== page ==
by Ellery Borow, AFMS Safety Chair
The brain has a remarkable ability to forget things. I’ve often thought such an ability to be very useful for quite a number of reasons. One of those reasons is to clear out the clutter that accumulates, and in doing so make room for new stuff. So, what do you know? What new information are you stuffing into the places where information has been forgotten? Are you filling the newfound storage space in your head with good and useful information?
May I offer the following quote by Laurens VanDerPost: “Human beings are perhaps never more frightening than when they are convinced beyond doubt that they are right.” Over the years, I have heard many variations on those words, such as, “It’s not what one knows, but what one doesn’t know that’s the problem” and “It’s not what one knows, it’s what one knows that isn’t so.”
Please permit me to mention some examples of rockhound safety information that can often be forgotten:
Oxalic Acid. There is a common understanding that oxalic acid is relatively safe. Here are some facts: Compared to many acids, oxalic is relatively weak. An acid’s strength is measured by how readily hydrogen is given up in water (its Ka value). Oxalic acid has a Ka of 0.0054 (primary) and 0.0000523 (tertiary), so when compared with hydrochloric acid’s Ka of 1.0 or nitric’s Ka of 27.79, oxalic is weak. One important fact that is often omitted in the rockhound community is that there is no correlation between an acid’s strength and its toxicity. So while the rockhound community understands that oxalic acid may be relatively weak, what is not well known is that—gram for gram—oxalic acid is highly toxic. It can be inhaled or readily absorbed through the skin. Very strict safety measures must be followed to address oxalic’s toxicity.
Grindstone Safety. I can’t tell you how many times I have seen lapidary workers standing or sitting in front of rapidly rotating grindstones while doing their work. Each time I see such a body position, chills run up and down my spine. You should not sit or stand directly in front of a grindstone while starting the machine or shutting it down. Nor is it wise to position yourself in front of it while it is running. The reason is that grindstones have the potential to break apart. Admittedly, the risk is small, but nevertheless, it exists. Equipment guards do mitigate some of the risk potential, but—according to machine instructions—not all the risk. I have personally seen the evidence of a self-destructed grindstone and been in the shop when one was self-destructing. Needless to say, a great deal of damage can be done by such an event. So, I highly recommend not standing in the path of anything that can injure you.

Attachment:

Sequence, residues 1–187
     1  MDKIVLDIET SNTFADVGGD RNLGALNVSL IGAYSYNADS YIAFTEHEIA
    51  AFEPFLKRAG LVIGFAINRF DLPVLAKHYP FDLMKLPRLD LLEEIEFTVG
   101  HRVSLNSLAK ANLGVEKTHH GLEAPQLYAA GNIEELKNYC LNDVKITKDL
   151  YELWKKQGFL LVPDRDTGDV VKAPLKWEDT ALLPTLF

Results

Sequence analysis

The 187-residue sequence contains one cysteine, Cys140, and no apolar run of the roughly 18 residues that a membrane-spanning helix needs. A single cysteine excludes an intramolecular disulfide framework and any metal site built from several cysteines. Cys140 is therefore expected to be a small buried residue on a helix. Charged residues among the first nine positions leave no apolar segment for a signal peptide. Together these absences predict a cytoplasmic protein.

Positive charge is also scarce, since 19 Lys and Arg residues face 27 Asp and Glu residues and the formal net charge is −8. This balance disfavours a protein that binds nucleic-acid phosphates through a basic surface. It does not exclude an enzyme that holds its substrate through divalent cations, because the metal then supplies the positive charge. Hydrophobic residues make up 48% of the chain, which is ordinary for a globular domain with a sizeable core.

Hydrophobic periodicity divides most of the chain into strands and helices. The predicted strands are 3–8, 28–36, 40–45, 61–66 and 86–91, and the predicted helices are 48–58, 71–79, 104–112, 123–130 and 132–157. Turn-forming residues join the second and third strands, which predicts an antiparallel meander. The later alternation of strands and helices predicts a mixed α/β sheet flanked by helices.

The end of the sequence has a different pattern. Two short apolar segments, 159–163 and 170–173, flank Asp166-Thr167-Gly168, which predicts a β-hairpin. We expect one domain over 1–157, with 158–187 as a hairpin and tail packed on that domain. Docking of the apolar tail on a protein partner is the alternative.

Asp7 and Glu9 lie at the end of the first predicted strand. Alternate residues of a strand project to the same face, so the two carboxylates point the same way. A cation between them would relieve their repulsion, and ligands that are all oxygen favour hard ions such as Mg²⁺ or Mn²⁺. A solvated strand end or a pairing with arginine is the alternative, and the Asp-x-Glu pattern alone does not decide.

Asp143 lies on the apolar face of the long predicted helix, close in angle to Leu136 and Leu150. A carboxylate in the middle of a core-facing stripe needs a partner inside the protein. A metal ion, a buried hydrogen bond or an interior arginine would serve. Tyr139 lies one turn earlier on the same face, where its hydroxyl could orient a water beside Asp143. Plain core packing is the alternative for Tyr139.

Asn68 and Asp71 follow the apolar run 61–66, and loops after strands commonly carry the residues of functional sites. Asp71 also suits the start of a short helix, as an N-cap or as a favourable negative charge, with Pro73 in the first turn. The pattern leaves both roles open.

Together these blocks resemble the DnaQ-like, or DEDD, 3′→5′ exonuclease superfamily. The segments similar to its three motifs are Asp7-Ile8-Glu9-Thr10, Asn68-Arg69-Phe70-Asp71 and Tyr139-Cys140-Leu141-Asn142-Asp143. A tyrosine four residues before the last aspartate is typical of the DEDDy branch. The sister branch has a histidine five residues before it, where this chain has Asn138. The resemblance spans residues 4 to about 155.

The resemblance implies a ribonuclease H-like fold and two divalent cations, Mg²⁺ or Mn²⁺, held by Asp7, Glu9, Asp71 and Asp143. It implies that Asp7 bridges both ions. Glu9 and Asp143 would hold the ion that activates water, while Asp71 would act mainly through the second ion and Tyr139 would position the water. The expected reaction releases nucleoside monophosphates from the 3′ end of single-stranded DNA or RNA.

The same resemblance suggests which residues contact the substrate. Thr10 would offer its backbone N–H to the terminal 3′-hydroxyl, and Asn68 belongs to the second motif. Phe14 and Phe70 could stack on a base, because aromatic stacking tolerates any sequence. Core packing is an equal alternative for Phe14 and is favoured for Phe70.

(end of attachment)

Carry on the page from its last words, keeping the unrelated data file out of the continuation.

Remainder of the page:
Diamond and belted wheels are considerably less problematic. Eye protective goggles are great, but there is more to the story. Have you ever noticed that when you are digging for minerals, hammering on big boulders, or doing some extensive lapidary work, a good measure of dust accumulates on the inside of your goggles? I have noticed that effect quite often. Most goggles are ventilated to prevent fogging, and that venting, in addition to some mysterious force, permits accumulation of dust on the inside surfaces of the goggles. Here’s the thing: We have protected our eyes with the goggles, and those goggles have provided notice that there is a large amount of dust present, which is most likely not being addressed by the wearing of a dust mask. In these less-than-obvious instances, dust protection is advisable.
So now you know. When filling your head with new information, please make sure safety issues are considered. Let’s put the newfound memory space to its highest and best use.